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The ideal sound - 97%

OMG PILLS NOMNOM, August 5th, 2019

Before I say a word about the actual music, I think its important to get one thing across first and foremost. Whenever I read a review for an album and the writer says the album has "evil sounding" riffs it really strikes me as a pretty lame way of describing an album. That said, Necros Christos have absolutely cultivated an evil sound, so much so that it is actually quite shocking.

The setup on this album is quite good. Intensely dark and wicked songs peppered with stark interludes of music and spoken word. The vocals are absolutely perfect. They are very dark, very genuinely evil and very intense. It’s a deep, almost gurging bark, straight from the pit of hell. The vocal performance on this album is completely flawless, absolutely perfect.

The music itself is quite well done. In between the proper tracks we get lots of interludes which vary from acoustic pieces, to spoken word and organ music. It really is these short interludes that tie everything together and make for interesting listening.

Interludes aside, the proper songs themselves are very powerful, very strong, with excellent writing. The riffs are engaging and wild, they truly cultivate that blackened death/doom sound perfectly. It’s almost the ideal of that sound flawlessly realized. Nothing gets boring here. Nothing runs too long, nothing feels too short. it’s a perfect balance. The drumming is well-done as well. Nothing too flashy or acrobatic, but they keep time perfectly and they, like the rest of the music, never feel dull or tired.

Overall, this album is nearly flawless. It’s probably one of the best extreme metal albums I’ve ever heard and if you haven’t checked them out yet, you’re really missing out.

Did you know?.. - 98%

redless, November 13th, 2012

Yes, I'm talking to all people who consider themselves lovers of death metal or occult metal in general and don't happen to have reliable sources of information... Necros Christos is #1 on your "bands to check immediately" list and you just didn't notice!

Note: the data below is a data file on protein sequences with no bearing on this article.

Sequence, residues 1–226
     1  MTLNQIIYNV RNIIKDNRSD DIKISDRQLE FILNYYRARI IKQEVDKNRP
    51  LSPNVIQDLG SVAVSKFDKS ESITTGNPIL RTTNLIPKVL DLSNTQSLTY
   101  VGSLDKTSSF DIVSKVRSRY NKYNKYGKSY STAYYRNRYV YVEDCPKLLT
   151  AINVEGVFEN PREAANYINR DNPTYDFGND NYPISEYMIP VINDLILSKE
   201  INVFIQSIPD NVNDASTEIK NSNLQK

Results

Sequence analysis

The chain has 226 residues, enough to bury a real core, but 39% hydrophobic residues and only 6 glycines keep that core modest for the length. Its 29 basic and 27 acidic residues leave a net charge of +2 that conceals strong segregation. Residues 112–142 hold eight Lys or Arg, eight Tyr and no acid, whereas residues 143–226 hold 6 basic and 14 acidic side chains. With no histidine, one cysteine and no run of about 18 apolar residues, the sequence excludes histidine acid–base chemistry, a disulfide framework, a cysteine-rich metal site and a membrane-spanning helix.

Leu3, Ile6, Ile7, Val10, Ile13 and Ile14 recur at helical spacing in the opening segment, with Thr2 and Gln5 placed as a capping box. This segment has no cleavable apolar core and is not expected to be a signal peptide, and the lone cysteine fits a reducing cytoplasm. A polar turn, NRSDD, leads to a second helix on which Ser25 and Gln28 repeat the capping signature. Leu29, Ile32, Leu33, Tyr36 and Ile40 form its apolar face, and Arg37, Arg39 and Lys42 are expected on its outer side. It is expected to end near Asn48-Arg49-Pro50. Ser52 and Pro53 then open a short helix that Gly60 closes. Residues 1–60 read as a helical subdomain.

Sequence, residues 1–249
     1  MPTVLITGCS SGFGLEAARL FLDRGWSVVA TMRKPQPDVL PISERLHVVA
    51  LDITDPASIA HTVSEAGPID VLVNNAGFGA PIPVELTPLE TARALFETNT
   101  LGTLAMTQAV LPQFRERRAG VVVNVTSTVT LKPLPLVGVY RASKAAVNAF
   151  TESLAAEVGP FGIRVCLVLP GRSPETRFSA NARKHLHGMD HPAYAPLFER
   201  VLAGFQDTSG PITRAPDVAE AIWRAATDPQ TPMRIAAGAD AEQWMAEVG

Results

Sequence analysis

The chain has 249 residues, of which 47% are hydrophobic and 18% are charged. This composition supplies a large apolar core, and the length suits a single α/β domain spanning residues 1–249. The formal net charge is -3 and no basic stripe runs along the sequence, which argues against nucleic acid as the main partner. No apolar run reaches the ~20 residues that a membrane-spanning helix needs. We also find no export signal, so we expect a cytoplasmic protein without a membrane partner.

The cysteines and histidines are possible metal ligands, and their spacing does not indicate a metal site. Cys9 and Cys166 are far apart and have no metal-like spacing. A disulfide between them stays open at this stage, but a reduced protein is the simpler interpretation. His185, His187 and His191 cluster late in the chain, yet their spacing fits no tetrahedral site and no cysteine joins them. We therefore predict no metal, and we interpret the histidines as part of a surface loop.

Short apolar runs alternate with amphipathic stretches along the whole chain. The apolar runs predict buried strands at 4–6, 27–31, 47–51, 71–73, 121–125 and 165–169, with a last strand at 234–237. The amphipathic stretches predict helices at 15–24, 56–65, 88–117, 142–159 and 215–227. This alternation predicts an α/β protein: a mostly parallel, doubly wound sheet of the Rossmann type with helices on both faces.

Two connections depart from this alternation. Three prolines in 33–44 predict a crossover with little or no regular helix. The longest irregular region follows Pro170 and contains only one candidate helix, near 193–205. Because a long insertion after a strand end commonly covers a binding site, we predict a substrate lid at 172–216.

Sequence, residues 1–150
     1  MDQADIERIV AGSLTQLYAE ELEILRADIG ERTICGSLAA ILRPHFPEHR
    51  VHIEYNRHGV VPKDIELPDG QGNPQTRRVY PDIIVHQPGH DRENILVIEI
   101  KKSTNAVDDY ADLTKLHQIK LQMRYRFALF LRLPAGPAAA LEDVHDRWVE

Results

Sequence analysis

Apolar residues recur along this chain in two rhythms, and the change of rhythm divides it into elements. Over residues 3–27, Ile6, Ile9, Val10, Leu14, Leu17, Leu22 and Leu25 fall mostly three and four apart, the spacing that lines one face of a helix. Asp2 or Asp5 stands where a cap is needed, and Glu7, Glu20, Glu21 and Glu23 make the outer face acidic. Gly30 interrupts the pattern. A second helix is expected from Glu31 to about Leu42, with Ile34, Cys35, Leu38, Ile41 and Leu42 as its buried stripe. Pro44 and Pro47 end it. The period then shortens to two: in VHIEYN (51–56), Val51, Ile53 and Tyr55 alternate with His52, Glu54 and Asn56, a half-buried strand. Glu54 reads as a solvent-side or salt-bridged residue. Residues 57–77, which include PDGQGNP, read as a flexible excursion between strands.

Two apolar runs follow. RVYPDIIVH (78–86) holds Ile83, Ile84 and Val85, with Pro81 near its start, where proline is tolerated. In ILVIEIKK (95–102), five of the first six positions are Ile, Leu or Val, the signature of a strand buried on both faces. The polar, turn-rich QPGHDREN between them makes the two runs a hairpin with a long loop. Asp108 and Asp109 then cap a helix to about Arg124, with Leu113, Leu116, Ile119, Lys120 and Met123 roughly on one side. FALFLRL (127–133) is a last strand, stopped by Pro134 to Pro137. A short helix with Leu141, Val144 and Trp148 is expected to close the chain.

As I've stated in several reviews, Necros Christos is a typical example of a band that manages to stand out in this whole new wave of old school death metal thingy. Necros Christos operates through a formula that has been proven satisfyingly effective and is actually what every worthy underground death metal band does. Specifically, this formula is taking the teachings of primordial bands like Autopsy, Incantation, Immolation, Entombed, Asphyx, Demigod, Bolt Thrower etc. and then fuse them and twist them until the blend sounds good. It sounds easy, yet actually very few have achieved a sound that is neither too familiar nor too kitsch. So, a rough description of Necros Christos would be to say that they are like a ritualistic version of Autopsy. But that would be both imprecise and not accepted by the Archives. So, let's start explaining what's going on in Triune Impurity Rites.

Triune Impurity Rites is one hour long. Out of its 23 tracks, only ten are death metal. The rest are interludes made up mostly of instrumental interludes, which vary from spoken passages accompanied with organ to sweet, peculiar melodies delivered by woodwinds and strings, combining mid-Eastern themes with a folk-like essence. By the use of these interludes, Necros Christos manages to make 60 minutes seem like 30. The ten death metal songs are pretty much all in the same vein, following mid-paced patterns that are not really complex or techincal, but if you care about these two, you should stop reading this review and go listen to Rings of Saturn or whatever you thing is brutal. The riffs are not commonplace and sound close to Nile, yet more to the point and less wanky -don't get me wrong though, I fucking love Nile. However, the band skillfully avoids pretentious east-like masturbation that plagues some bands. The drumming is mostly mid-tempo, bringing the band closer to Cruciamentum than to Teitanblood. "Thrashy" beats are brought in the game only in a handful of moments and blasting parts are thankfully absent. Consequently, the music is in a certain way ceremonial and atmospheric. The bass sounds like having fully comprehended and embraced the legacy of classics like "Mental Funeral" or "Slumber of Sullen Eyes" and is ultimately pleasing, especially when it's the only instrument being played, e.g. around the third minute mark in "Deathless in Spiritual Evil". The vocals of mastermind Mors Dalos Ra are like fucking barks and are totally evil and death metal. They also rule because the way he pronounces the word "death", it sounds like "desss"!!! The lyrics are about satanic rituals and are completely loveable to any self-respecting heavy metal fan. You know, the thing about this album is that while it's true in its death metal-ness, it's also one of those extreme albums you can say are "HEAVY FUCKIN' METAL", probably because of the addicting choruses and riffs.